SANTA ANA, Calif. — Bani Duarte was northbound on the Pacific Coast Highway, in the opposite direction of her home, at about 1 a.m. on March 29, 2018.
Duarte, 28, would learn for the first time in a police interview, conducted just before noon on that date, details about the deadly crash 11 hours earlier at the Pacific Coast Highway and Magnolia Street in Huntington Beach.
“At Magnolia, you came to a red light. There was a car stopped at the red light, and you rear-ended the car,” Huntington Beach police officer Joshua Page explained to Duarte. “Do you remember the accident?”
The DUI suspect’s reaction was captured on video, which was presented to jurors Thursday during the second day of testimony in her trial in Orange County Superior Court. The trial was expected to last a week.
In the video, Page continues: “When you rear-ended the car, there were four teenagers in it. And three of them have died. The car erupted into flames when you impacted it.”
They were Centennial High School students Dylan Mack, 18, Brooke Hawley, 17, and Albert “A.J.” Rossi, 17. A fourth student, Alexis Vargas, survived but was hospitalized with a concussion and second-degree burns.
Mack’s mom, Renee Mack, later told the Las Vegas Review-Journal outside the courtroom: “They all came down here for spring break. Everybody came home, except for three. I just keep staring at the front door, and I still wait for it to open. I expect him to walk through that door and that all of this didn’t happen.”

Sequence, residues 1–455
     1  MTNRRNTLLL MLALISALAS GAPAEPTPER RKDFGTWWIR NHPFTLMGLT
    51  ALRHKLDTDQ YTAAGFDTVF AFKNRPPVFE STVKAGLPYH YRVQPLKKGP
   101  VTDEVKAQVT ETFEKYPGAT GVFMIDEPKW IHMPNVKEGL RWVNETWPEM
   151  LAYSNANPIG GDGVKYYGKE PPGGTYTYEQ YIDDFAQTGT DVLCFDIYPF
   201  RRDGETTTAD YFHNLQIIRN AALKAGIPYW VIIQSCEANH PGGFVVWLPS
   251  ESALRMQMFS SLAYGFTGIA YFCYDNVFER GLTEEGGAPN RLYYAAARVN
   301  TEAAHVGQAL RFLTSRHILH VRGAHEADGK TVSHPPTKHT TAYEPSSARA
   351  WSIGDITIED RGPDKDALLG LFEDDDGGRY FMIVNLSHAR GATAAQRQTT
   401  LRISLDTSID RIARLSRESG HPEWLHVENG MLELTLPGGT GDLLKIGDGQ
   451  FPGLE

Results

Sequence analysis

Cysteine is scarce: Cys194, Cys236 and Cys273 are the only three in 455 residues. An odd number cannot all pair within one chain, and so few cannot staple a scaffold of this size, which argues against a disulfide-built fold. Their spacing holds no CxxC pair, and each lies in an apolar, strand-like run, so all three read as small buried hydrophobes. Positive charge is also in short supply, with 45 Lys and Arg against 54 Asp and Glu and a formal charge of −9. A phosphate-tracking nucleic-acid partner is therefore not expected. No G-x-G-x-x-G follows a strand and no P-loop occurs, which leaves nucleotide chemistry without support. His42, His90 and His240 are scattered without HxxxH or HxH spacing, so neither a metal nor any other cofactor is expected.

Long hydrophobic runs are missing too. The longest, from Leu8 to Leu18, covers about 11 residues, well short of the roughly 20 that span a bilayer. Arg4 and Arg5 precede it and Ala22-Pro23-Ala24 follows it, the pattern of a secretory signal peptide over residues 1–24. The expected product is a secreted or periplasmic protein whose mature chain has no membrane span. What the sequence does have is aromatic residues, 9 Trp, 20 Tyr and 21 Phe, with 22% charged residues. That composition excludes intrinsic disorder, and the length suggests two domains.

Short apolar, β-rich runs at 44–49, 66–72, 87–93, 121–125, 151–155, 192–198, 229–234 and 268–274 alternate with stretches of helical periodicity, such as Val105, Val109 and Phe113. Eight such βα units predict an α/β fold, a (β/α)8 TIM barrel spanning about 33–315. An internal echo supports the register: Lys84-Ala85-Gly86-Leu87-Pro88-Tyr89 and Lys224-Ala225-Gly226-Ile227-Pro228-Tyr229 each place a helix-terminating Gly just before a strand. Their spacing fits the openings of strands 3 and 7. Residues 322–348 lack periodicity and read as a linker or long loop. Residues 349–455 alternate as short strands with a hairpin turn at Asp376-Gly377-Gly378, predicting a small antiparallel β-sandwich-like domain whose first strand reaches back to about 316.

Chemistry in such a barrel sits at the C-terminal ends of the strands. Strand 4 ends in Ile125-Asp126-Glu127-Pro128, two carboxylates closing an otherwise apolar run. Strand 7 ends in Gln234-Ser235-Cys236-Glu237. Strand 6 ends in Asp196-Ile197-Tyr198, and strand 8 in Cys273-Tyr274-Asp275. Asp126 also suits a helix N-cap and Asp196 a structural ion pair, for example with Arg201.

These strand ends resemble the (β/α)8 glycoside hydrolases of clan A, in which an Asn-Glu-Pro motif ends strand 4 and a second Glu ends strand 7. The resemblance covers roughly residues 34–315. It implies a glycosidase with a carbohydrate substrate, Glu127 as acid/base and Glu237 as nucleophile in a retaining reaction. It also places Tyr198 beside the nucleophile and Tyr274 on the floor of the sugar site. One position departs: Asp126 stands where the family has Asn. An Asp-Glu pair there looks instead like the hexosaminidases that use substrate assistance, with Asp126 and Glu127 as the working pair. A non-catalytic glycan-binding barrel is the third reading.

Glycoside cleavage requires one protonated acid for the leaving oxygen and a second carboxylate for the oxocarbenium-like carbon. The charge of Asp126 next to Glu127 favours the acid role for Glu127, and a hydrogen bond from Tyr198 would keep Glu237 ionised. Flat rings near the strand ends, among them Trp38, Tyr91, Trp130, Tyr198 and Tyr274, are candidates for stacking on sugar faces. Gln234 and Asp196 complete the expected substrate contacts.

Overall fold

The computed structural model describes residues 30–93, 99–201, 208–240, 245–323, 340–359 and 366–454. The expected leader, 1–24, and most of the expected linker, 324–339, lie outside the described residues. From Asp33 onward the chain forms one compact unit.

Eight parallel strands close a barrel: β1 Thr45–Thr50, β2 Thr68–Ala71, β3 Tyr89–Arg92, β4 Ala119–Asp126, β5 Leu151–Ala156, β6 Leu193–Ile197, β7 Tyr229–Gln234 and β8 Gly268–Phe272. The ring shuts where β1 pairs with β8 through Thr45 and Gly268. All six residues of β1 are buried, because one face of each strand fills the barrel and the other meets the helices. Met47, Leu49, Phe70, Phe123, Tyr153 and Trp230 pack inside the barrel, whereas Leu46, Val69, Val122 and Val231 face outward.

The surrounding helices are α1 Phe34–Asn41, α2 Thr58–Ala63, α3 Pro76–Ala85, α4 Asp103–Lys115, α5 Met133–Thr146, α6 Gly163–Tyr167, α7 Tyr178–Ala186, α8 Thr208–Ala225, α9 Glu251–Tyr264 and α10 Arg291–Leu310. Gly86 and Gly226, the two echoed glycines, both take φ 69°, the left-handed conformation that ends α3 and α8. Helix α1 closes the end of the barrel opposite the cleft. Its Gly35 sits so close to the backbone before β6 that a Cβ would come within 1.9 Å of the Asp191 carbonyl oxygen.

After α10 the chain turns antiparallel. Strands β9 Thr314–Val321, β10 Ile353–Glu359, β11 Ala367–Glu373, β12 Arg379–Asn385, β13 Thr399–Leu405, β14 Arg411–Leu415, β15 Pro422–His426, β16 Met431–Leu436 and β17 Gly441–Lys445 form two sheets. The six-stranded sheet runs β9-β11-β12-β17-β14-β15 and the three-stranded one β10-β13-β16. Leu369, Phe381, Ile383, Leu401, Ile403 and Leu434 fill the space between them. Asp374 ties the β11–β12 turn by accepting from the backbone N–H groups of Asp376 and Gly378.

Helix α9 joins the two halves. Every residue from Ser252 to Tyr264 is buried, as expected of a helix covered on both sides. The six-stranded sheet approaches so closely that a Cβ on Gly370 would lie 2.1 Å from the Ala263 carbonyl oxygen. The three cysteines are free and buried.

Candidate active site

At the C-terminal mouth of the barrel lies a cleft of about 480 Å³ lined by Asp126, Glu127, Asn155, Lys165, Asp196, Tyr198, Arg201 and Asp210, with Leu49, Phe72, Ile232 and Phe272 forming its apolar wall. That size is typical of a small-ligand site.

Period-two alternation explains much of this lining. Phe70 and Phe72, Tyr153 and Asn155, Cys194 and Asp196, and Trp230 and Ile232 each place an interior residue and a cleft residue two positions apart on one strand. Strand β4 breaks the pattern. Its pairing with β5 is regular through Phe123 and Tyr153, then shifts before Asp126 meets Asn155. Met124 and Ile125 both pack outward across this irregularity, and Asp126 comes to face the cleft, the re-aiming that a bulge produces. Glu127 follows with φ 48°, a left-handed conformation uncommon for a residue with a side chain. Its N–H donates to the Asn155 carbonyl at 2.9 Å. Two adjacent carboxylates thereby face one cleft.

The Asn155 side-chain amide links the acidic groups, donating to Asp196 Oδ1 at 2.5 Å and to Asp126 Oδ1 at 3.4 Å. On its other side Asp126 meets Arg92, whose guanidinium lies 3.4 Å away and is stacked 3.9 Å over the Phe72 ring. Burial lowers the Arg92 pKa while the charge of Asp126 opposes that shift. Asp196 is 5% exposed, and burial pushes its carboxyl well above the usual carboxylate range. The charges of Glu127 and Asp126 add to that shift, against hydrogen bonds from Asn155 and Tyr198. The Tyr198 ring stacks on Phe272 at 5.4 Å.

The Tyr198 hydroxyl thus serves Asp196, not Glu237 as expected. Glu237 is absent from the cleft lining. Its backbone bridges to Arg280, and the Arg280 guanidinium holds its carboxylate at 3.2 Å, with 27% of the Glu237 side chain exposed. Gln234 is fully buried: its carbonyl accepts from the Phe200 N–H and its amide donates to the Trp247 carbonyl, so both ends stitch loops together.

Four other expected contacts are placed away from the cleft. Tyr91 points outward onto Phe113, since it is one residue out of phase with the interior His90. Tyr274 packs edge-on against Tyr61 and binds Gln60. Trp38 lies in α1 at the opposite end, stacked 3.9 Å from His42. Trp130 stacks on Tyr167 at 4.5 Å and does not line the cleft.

Duarte has pleaded not guilty to three counts of second-degree murder and one count of driving under the influence of alcohol causing bodily injury. She faces 51 years to life in prison if convicted on all counts.
As the video played in the courtroom, family members of the victims, who have been present in court since the trial started Monday, shook their heads and scoffed.
At one point in the interview, while crying, Duarte asked, “So I’m in jail forever?”
“I didn’t feel sorry for her at all,” Renee Mack said in an interview with the Review-Journal. “She killed us when she killed the kids.”
Her husband, Morgan, nodded his head.
“It was definitely shocking to see her reaction because she had no clue,” he said, his arms folded. “To see that in a person, that they’ve done the unthinkable, and she didn’t even know.”
By sunrise on the day of the crash, the Macks still didn’t know if their son had been in the car. So they got in their car, intending to drive to Huntington Beach for some answers.
But at about 10 a.m., while in the car, Morgan Mack’s phone rang. It was Page, the police officer.
“And he told me to pull over,” he recalled Thursday. “And I knew when he said to pull over, I knew.”
‘Our own prison’
During opening statements Wednesday, Duarte’s attorney conceded that prosecutors have enough evidence to prove that she was drunk at the time of the crash. But attorney Justin Glenn said they will not be able to prove that her crimes amounted to murder.
Still, the Macks said they were hopeful that “justice will be served.”
“When I say we want to see justice served, I would like to see 51 years to life,” Morgan Mack said.
But no matter what verdict the jury reaches, Renee Mack said, a life sentence already has been handed down to three families.
“Our children were taken away from us,” she said. “When you think about, just because we get to walk around freely, doesn’t mean this isn’t our own prison. She stole their lives.”
Duarte, a receptionist and mother of four from San Clemente, California, has been in custody since her recapture in late April 2018, after investigators obtained more evidence and learned she was “possibly intending on fleeing the country to avoid prosecution.”
By then, she had been free on $100,000 bail for weeks.